Nov 07, 2013Stephanie Breeze

Lately, I've been thinking a lot about where we source our skincare from, partly inspired by where I shop for my food. The first thing I do at the start of the weekend is take a trip to my local farmers' market for some shopping. I prefer this to the supermarket, as every stall-holder there is an expert in his or her field.

One of my favourites, Hook & Son, has excellent tips for using its raw milk and cream, while the organic butcher gives sound advice on cooking times and best cuts, and my favourite raw cake makers, Mr Prempy's, fills me in on the benefits of the superfoods in each cake and the providence of its raw cacao powder. Needless to say I'm a fan of shopping locally where I can for my food and while not every single ingredient used may be locally grown, I like the fact that my food has been expertly produced somewhere close by.

READ - The Green Edit: organic bathing rituals

There are two main reasons to shop this way; firstly, it supports local growers, makers and producers. Secondly, I consider this "close to source" produce to be the best quality, or "luxury," food I can buy and many of you who are interested in organic skincare will share the same ethos. When you consider the term "luxury", it is often applied to describe a product created from a meticulous attention to detail, design and craftsmanship - often handmade. This creative combination is at the heart of what makes haute couture clothing and bespoke jewellery so special, but interestingly, it can in fact be applied to much of the produce you would find at your local farmers' market. However, when it comes to skincare - which is after all the "food" we are feeding our largest organ - this crafted, handmade ethos often falls by the wayside and we are left choosing between mass-produced brands in skincare "supermarkets".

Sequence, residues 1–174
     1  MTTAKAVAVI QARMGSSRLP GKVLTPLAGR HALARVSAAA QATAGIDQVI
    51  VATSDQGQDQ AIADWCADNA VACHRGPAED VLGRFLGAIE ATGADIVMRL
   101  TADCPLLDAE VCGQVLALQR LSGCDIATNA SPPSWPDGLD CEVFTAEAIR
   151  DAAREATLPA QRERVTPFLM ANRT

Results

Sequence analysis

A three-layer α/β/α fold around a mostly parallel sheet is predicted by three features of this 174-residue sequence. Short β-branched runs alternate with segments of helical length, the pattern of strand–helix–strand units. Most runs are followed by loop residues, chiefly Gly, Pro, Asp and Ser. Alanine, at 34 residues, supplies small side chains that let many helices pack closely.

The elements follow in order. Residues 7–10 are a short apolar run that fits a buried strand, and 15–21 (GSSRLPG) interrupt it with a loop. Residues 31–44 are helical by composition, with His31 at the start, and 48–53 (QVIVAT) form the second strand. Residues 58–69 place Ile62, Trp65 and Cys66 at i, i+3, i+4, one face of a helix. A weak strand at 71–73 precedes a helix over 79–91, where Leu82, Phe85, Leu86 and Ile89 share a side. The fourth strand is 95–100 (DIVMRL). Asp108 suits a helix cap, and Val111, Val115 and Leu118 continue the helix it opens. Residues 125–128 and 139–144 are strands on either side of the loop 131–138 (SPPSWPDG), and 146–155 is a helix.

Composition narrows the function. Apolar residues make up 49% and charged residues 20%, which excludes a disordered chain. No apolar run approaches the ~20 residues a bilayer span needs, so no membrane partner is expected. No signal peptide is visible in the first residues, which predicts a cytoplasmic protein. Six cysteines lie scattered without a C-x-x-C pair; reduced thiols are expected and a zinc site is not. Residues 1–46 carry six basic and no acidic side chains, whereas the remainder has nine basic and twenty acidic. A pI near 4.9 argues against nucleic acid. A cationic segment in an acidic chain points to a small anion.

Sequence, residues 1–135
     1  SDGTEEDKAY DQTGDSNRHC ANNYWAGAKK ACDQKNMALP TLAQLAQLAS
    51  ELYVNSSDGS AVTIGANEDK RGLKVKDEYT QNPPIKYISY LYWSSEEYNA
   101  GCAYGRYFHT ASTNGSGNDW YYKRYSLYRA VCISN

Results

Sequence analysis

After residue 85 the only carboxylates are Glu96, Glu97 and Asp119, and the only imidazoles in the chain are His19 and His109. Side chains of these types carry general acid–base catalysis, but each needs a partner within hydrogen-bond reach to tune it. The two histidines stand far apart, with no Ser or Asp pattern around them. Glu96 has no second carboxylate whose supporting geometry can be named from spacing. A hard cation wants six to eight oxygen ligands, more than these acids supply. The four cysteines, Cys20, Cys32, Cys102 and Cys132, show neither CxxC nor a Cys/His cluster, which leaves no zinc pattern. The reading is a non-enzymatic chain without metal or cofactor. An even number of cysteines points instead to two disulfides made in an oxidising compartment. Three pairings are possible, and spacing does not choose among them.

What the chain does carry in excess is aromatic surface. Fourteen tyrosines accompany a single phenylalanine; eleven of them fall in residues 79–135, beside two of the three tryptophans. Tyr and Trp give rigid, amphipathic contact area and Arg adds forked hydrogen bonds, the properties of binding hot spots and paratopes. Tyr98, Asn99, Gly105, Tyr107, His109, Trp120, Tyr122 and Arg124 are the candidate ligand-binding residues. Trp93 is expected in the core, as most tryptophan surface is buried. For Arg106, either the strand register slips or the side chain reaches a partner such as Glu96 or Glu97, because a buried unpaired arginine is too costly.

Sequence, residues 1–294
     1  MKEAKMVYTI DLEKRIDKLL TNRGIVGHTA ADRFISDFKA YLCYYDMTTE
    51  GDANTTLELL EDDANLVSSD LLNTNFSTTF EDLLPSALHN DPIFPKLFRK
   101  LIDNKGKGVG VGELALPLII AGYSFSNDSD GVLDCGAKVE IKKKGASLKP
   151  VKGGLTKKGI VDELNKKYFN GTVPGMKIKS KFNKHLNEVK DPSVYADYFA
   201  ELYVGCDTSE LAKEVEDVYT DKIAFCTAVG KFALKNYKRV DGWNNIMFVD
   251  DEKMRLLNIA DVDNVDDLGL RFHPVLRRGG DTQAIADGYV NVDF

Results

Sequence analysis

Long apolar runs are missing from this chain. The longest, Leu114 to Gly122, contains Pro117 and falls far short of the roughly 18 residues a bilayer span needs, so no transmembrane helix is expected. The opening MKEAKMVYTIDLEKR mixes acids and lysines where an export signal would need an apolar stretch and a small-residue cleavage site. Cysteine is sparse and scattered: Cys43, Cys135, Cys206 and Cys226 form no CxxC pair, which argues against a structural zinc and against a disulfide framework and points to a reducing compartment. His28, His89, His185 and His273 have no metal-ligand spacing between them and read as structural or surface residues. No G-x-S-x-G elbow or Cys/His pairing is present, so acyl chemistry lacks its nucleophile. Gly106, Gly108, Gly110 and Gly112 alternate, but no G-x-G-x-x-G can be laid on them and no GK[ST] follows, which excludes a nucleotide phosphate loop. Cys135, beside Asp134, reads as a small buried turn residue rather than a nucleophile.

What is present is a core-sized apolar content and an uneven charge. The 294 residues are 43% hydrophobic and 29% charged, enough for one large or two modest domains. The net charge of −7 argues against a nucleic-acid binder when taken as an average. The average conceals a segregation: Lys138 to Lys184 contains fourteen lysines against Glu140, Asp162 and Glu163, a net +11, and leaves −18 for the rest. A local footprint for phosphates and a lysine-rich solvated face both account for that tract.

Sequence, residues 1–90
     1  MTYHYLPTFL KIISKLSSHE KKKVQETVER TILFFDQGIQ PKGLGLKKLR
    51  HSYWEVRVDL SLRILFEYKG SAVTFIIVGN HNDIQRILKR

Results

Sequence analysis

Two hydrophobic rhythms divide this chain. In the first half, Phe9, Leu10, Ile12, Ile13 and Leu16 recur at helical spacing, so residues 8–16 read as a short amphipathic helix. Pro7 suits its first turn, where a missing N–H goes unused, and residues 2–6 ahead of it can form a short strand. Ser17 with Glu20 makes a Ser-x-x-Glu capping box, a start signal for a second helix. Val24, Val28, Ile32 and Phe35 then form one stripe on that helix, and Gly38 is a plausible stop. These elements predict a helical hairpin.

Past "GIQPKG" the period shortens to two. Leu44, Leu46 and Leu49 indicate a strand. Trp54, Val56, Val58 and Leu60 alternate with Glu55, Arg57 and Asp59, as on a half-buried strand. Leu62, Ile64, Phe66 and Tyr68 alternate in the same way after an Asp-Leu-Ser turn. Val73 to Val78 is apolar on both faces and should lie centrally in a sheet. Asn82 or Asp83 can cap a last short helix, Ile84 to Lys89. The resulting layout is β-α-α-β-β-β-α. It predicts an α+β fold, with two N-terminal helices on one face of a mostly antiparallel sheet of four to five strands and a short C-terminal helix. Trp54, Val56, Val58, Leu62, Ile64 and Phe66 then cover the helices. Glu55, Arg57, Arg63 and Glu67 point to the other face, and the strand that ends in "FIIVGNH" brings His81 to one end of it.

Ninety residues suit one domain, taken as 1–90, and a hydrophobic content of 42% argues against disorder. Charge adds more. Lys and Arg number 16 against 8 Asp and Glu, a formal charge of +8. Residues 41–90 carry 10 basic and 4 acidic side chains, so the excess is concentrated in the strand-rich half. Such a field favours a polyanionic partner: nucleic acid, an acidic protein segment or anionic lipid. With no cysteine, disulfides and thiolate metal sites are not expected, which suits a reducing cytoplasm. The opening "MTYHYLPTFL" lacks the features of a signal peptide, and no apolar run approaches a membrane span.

Part of the problem is access to these brands. Small skincare producers can't be found on the shelves of your local pharmacy, supermarket or department store. But inspired by the makers and growers we, at Content, have decided to put together our own made in the UK Great British Beauty Collection - an online and instore beauty market of sorts to connect you with high quality UK skincare growers and makers, alongside some international favourites who share the same ethos.

Liha: currently just two products (with a third on the way), Liha combines the natural beauty of African-inspired raw shea butter, coconut oil and black soap on her father's side, with a Pagan history of herbs and tinctures on her mother's. This culturally curated collection of multi-taskers sums up the rich British history found in beauty today.


Read the full list at The Telegraph

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